So, what is silence exactly? Erling Kagge, explorer and author of Silence: In an Age of Noise, says it’s more of what I’m describing than any shortage of sound. Something nearly impossible to find even in the most isolated places on the planet. His descriptions of the Arctic and Antarctic (where he spent 50 days solo) is less than quiet. So too is the jungle where I live.

So, silence can be seen as a place within where we find space to carry on a conversation with ourselves. I think this is what Julia Cameron’s Morning Pages have brought me. At least when I do them, I find I begin to write to myself in the second person. “Well, Sarah,” I’ll sometimes write. It’s almost as though it’s someone else talking to me. Hearing voices? Or… is it God, which is what Cameron suggests. Not sure about God (maybe if we agree to call it dog spelled backward or refer to it with a lowercase g) but I do feel a more significant and wiser force speaking to me.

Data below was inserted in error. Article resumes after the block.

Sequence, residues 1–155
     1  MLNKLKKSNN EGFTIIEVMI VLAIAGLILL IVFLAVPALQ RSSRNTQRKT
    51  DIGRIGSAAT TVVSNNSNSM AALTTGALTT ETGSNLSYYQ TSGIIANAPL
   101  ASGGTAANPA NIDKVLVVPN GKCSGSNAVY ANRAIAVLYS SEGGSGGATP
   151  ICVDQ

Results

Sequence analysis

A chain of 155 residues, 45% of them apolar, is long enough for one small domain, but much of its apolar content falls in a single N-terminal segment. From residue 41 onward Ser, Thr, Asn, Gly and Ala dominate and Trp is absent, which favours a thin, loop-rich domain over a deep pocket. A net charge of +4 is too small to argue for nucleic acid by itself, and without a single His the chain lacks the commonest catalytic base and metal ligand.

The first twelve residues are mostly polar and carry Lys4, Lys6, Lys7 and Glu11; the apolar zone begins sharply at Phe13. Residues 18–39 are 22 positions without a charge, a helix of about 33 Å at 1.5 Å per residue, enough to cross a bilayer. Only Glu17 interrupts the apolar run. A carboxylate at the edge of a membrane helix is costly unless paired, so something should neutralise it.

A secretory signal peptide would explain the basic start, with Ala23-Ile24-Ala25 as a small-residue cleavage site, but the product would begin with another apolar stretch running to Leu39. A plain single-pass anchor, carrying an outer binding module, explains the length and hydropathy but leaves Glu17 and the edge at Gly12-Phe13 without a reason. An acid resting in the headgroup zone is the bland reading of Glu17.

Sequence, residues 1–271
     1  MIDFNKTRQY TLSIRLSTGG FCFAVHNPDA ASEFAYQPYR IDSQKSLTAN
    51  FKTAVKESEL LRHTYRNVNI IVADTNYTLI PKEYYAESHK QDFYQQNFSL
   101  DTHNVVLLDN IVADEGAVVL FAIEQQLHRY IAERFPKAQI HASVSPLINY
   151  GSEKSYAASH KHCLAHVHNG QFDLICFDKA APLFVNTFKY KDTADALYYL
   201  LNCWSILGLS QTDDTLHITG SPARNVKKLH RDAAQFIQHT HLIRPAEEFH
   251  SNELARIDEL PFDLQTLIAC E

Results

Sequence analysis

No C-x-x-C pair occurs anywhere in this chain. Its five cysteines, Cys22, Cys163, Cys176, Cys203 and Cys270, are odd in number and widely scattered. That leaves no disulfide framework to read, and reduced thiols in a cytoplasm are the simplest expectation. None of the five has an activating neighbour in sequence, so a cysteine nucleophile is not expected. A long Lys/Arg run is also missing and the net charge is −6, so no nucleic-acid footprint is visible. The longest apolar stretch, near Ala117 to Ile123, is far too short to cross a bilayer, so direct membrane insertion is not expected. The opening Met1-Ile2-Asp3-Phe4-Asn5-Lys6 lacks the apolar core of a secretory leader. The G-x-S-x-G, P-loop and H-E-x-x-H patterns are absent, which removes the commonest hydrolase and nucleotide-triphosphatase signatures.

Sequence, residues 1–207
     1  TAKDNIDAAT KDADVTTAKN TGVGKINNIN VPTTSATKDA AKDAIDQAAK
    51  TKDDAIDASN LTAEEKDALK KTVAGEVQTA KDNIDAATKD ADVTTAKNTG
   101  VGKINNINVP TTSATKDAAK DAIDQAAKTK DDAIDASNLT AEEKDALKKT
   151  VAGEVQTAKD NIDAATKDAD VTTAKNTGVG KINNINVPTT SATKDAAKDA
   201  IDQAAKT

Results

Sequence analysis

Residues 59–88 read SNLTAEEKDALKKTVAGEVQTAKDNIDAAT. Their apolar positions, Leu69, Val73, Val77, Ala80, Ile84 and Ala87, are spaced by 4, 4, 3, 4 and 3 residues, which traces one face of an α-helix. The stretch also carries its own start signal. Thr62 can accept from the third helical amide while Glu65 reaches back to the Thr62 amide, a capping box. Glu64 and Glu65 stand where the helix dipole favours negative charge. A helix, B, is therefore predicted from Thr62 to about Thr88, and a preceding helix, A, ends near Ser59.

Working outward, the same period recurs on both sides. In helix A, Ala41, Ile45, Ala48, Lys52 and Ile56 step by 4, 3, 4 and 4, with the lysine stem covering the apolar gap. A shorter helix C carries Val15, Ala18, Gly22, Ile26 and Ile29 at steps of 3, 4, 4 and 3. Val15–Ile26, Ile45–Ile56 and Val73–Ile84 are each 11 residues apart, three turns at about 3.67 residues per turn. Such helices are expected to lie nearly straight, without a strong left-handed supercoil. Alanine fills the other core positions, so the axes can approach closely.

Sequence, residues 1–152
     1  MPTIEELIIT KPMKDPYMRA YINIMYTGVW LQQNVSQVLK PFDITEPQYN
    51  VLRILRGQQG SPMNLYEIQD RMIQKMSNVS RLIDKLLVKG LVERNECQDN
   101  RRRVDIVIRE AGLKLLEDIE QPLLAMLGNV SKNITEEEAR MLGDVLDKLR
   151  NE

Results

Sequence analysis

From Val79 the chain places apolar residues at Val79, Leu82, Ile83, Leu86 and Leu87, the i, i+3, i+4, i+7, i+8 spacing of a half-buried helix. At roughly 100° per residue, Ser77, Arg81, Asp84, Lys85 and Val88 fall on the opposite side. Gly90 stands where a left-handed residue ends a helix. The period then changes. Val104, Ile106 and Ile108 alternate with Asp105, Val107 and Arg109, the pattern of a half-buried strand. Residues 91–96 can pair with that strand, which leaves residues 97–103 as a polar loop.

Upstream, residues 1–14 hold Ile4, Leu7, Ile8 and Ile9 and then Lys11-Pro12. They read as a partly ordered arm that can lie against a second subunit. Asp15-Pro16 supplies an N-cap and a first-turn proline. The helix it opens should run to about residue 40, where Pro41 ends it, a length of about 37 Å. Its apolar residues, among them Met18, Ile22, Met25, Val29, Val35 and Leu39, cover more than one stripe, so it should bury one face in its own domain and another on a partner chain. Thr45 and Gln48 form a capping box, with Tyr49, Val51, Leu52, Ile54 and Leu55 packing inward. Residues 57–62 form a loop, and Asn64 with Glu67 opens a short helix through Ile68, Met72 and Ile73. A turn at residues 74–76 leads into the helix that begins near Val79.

It’s comforting to know that writers have been coming to terms with this uncomfortable confrontation since Pascale wrote about sitting still and listening. I’m sure we’ve been struggling with it ever since our species became “thinkers,” but I think Pascale was the first to put into words.

Contemplating my word for the year, Open, during these hushed moments of my life has also brought about reflection. It is in the moments away from the TV, social media—the noise—that I find the space for reflection and…not answers but at least the questions.

 

Costa Rica: A Land for The Indomitable Spirit